|Coupe d'Afrique des Nations 2017|
|Dates||14 January – 5 February 2017|
|Teams||16 (from 1 confederation)|
|Venue(s)||4 (in 4 host cities)|
|Champions||Cameroon (5th title)|
|Third place||Burkina Faso|
|Goals scored||66 (2.06 per match)|
|Top scorer(s)|| Junior Kabananga|
|Best player(s)||Christian Bassogog|
|Fair play award||Egypt|
The 2017 Africa Cup of Nations, known as the Total Africa Cup of Nations, Gabon 2017 (also referred to as AFCON 2017 or CAN 2017), was the 31st edition of the Africa Cup of Nations, the biennial international men's football championship of Africa organized by the Confederation of African Football (CAF). The tournament was scheduled to be hosted by Libya, until CAF rescinded its hosting rights in August 2014 due to ongoing war in the country. The tournament was instead hosted by Gabon. This event was also part of the Africa Cup of Nations 60th Anniversary.
As champions, Cameroon qualified for the 2017 FIFA Confederations Cup in Russia. Tournament hosts Gabon and defending champions Ivory Coast were both eliminated in the group stage after failing to win any of their three group games.
CAF received 3 bids before 30 September 2010, the deadline, to host either the 2015 Africa Cup of Nations or 2017 from DR Congo, Morocco and South Africa. All three bids were originally put on a shortlist. CAF then began an inspection procedure, on November and December 2010, intending to visit each bidding country to view stadiums, infrastructure, and football interest. They inspected the DR Congo first. Shortly after the inspection, DR Congo informed CAF that they would be withdrawing their bids for both the 2015 and 2017 Africa Cup of Nations tournaments. Morocco was the next country to be inspected, with CAF visiting the country in early November 2010. South Africa was inspected in December 2010.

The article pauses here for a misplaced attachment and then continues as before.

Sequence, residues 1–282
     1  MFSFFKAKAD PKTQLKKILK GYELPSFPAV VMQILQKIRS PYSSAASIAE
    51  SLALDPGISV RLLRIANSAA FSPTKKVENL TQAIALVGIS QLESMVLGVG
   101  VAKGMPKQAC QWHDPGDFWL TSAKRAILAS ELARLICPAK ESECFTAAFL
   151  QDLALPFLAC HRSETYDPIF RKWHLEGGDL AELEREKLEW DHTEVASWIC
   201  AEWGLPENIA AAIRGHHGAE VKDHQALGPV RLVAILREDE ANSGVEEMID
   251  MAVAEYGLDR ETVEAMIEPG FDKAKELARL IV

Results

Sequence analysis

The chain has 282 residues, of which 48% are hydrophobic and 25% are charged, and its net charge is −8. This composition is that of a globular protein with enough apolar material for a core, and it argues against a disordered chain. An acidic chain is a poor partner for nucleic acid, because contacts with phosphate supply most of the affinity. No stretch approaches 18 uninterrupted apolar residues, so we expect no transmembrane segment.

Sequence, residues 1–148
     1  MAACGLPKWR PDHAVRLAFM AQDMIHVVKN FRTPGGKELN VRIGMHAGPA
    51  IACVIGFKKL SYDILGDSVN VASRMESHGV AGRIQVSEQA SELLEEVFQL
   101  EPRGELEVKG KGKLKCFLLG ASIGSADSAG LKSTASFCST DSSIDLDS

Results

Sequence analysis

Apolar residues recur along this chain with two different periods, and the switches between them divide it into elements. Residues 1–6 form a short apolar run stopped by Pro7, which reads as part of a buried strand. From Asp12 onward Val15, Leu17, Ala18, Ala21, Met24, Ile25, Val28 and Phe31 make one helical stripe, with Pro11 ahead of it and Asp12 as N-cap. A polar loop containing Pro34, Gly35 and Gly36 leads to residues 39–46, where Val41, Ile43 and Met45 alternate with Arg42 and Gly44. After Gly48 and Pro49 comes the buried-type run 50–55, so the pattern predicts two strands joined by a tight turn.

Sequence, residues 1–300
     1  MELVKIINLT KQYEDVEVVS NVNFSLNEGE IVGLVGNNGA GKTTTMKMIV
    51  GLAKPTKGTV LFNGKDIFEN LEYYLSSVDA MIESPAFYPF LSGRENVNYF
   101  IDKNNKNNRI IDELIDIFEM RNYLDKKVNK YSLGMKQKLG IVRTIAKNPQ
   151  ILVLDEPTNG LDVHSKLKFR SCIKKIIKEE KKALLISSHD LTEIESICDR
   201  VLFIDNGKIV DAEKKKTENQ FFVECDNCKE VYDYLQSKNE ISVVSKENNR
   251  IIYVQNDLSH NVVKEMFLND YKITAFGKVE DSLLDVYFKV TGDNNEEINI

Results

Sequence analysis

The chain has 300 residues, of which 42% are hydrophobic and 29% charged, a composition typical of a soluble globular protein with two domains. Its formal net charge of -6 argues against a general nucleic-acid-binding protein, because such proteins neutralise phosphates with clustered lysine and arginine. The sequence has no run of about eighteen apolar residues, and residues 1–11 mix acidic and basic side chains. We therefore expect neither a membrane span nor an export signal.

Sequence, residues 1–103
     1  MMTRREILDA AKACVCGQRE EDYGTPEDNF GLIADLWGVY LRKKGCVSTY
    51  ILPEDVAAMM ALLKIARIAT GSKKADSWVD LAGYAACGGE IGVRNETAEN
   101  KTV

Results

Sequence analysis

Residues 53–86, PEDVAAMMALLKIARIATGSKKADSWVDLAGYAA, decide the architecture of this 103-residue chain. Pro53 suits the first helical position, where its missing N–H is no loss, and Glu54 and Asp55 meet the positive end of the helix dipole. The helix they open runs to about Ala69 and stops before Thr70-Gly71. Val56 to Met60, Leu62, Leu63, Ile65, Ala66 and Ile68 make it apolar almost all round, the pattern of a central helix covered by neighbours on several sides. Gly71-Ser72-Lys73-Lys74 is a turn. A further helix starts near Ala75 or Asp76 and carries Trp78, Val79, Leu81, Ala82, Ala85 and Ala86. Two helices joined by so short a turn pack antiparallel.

On 29 January, during the 2011 CAF Super Cup, the CAF executive committee decided that Morocco would host 2015 Africa Cup of Nations, while the 2017 edition would be held in South Africa. However, due to the Libyan Civil War, Libya and South Africa traded years with South Africa hosting in 2013 and Libya hosting in 2017.
Other countries which expressed an interest but did not bid included Ethiopia, Mali, and Tanzania. Kenya discussed a joint bid with neighbors Rwanda and Uganda, but eventually bid alone.
The draw for the qualification stage took place on 8 April 2015, immediately after the announcement of the host nation. The host nation team were also drawn into a group and would play games against those in that group; however, those matches would only be considered as friendlies and not counted for the standings.
Due to the cancellation of Morocco being hosts of the 2015 edition, the national team of Morocco were originally banned by CAF from entering the 2017 and 2019 Africa Cups of Nations. However, the ban was overturned by the Court of Arbitration for Sport, allowing Morocco to enter the tournament.
The following 16 teams qualified for the final tournament.
at start of event
|Gabon||Hosts||8 April 2015||7th||2015||Quarter-finals (1996, 2012)||108|
|Morocco||Group F winners||29 March 2016||16th||2013||Winners (1976)||57|